following information should be considered as a brief and
simplified outline regarding design protection which is
merely supplied for the convenience of our clients or potential
clients. This information outlines general principles of
design protection. Should more exact information be required,
please select the relevant country from the drop-down list
at the top left-hand of this page.
Whereas a patent confers generally wide protection for an
invention, the protection afforded by a registered design
is limited to the specific appearance of the article so
registered. This protection does not extend to the underlying
principle or the functional purpose of the article.
registration is particularly suitable for articles which
are not new in their underlying concept, but which have
been re-designed to give them a more striking or pleasing
appearance or to make them more fit for the function they
perform. Many products of industrial and other designers
which, by their nature, may be unsuitable for patent protection
can be effectively protected by design registration.
a patent is primarily intended to cover the conceptual features
of an invention underlying potentially a range of embodiments,
a design registration covers the form and outer appearance
of an article. In certain cases, it is advisable to have
parallel design and patent protection for an article. Barring
these differences between patents and designs, many similarities
do exist concerning the application and rights afforded
to the proprietor in both cases.
2. Validity requirements in general
design laws are not universal, some discrepancies exist
between the validity requirements for designs in the different
general, to qualify for valid design protection, a design
must be new and original and generally of an utilitarian
nature, keeping in mind that valid designs are dependant
on their visual appearances as judged solely by the eye.
design is considered new if it does not significantly differ
from known designs or combinations of known design features,
i.e. the design differs from the state of the art. The state
of the art comprises all matter available to the public,
including prior design applications which have an earlier
priority date. Thus, even if a design is new in a country
in which protection is sought but is known elsewhere in
the world, it will not be possible to obtain protection
in that country. In view of the above requirement for a
design to be new, it follows that a design must be kept
absolutely secret until it has been included in a design
application, otherwise the design will not be capable of
connection with the above, we have to rely very largely
on your information. However, the establishment of the existence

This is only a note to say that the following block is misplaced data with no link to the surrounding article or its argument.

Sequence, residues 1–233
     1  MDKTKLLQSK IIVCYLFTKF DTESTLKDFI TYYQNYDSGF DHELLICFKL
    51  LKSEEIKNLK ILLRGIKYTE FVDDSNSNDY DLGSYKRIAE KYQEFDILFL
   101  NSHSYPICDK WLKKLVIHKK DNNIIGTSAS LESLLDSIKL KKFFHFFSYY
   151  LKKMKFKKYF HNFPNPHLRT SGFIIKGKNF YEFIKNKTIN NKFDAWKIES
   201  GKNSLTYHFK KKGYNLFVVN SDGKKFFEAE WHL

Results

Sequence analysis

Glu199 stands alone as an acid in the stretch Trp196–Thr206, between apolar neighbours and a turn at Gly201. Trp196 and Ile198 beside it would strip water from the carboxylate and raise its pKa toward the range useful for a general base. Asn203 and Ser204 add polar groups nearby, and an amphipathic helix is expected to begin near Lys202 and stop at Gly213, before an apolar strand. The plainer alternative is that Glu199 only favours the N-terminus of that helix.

of earlier design registrations and other aspects should
be investigated by an experienced member of our staff. Although
a good search may sometimes be expensive, it may save a
person from wasting money eventually.
least initially, we do not normally recommend that a search
be conducted to determine whether or not a design is new
or original. The reason herefor is that the costs of a search
may outweigh the cost of filing a design application in
a single country, especially one as relatively inexpensive
to file in such as South Africa.
certain countries (such as South Africa) do not conduct
an examination on the subject matter of a design application
and will register a design as long as all the necessary
paperwork has been submitted (however, the validity of such
design can be attacked at any time by others).
However, if design protection in several foreign countries
is contemplated, it may be prudent to instruct us to conduct
an international design search prior to carrying out a programme
of design applications involving large expenses. This precaution
is also recommended before investing heavily in somebody
else's design, before embarking upon expensive litigation
against an alleged infringer, or before commercializing
a design that may not be new or original.
Safeguards against infringement of designs held by others
to a patent, a design is a territorial right limited to
the country in which the design has been registered. In
general, the registration of a design gives the proprietor
thereof the right (in the country concerned) to prevent
third parties from making, selling or importing the articles
bearing or embodying a design which is a copy, or substantially
a copy, of the protected design when such acts are undertaken
for commercial purposes.
term of a design in most countries is 10 years, subject
to the payment of annual renewal fees, but this term may
vary from country to country.
Procedure for obtaining design protection for your invention
first step (for our South African clients) to obtaining
design protection in several countries is normally the filing
of a design application at the South African Designs Office.
click on the title "South African Design" for more information,
in this respect.